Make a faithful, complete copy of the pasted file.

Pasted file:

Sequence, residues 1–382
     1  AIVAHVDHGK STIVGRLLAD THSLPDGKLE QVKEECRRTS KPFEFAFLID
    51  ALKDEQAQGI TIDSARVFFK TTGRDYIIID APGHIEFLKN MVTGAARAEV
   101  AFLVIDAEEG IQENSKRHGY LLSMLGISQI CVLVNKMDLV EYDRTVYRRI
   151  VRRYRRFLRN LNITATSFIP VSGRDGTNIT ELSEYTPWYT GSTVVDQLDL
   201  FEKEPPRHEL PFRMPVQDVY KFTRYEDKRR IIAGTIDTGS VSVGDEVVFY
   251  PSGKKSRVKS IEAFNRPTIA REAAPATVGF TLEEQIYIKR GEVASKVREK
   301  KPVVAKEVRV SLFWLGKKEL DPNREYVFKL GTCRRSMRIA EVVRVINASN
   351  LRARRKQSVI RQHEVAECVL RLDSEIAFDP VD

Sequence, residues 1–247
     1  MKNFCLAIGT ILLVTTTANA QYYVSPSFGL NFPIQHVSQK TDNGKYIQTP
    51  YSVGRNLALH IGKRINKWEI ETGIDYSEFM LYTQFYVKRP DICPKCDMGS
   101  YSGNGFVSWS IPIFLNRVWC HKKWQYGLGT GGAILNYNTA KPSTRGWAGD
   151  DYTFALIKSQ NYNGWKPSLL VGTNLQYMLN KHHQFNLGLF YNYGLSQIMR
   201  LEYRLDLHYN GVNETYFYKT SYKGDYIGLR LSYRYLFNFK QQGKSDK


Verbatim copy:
Sequence, residues 1–382
     1  AIVAHVDHGK STIVGRLLAD THSLPDGKLE QVKEECRRTS KPFEFAFLID
    51  ALKDEQAQGI TIDSARVFFK TTGRDYIIID APGHIEFLKN MVTGAARAEV
   101  AFLVIDAEEG IQENSKRHGY LLSMLGISQI CVLVNKMDLV EYDRTVYRRI
   151  VRRYRRFLRN LNITATSFIP VSGRDGTNIT ELSEYTPWYT GSTVVDQLDL
   201  FEKEPPRHEL PFRMPVQDVY KFTRYEDKRR IIAGTIDTGS VSVGDEVVFY
   251  PSGKKSRVKS IEAFNRPTIA REAAPATVGF TLEEQIYIKR GEVASKVREK
   301  KPVVAKEVRV SLFWLGKKEL DPNREYVFKL GTCRRSMRIA EVVRVINASN
   351  LRARRKQSVI RQHEVAECVL RLDSEIAFDP VD

Sequence, residues 1–247
     1  MKNFCLAIGT ILLVTTTANA QYYVSPSFGL NFPIQHVSQK TDNGKYIQTP
    51  YSVGRNLALH IGKRINKWEI ETGIDYSEFM LYTQFYVKRP DICPKCDMGS
   101  YSGNGFVSWS IPIFLNRVWC HKKWQYGLGT GGAILNYNTA KPSTRGWAGD
   151  DYTFALIKSQ NYNGWKPSLL VGTNLQYMLN KHHQFNLGLF YNYGLSQIMR
   201  LEYRLDLHYN GVNETYFYKT SYKGDYIGLR LSYRYLFNFK QQGKSDK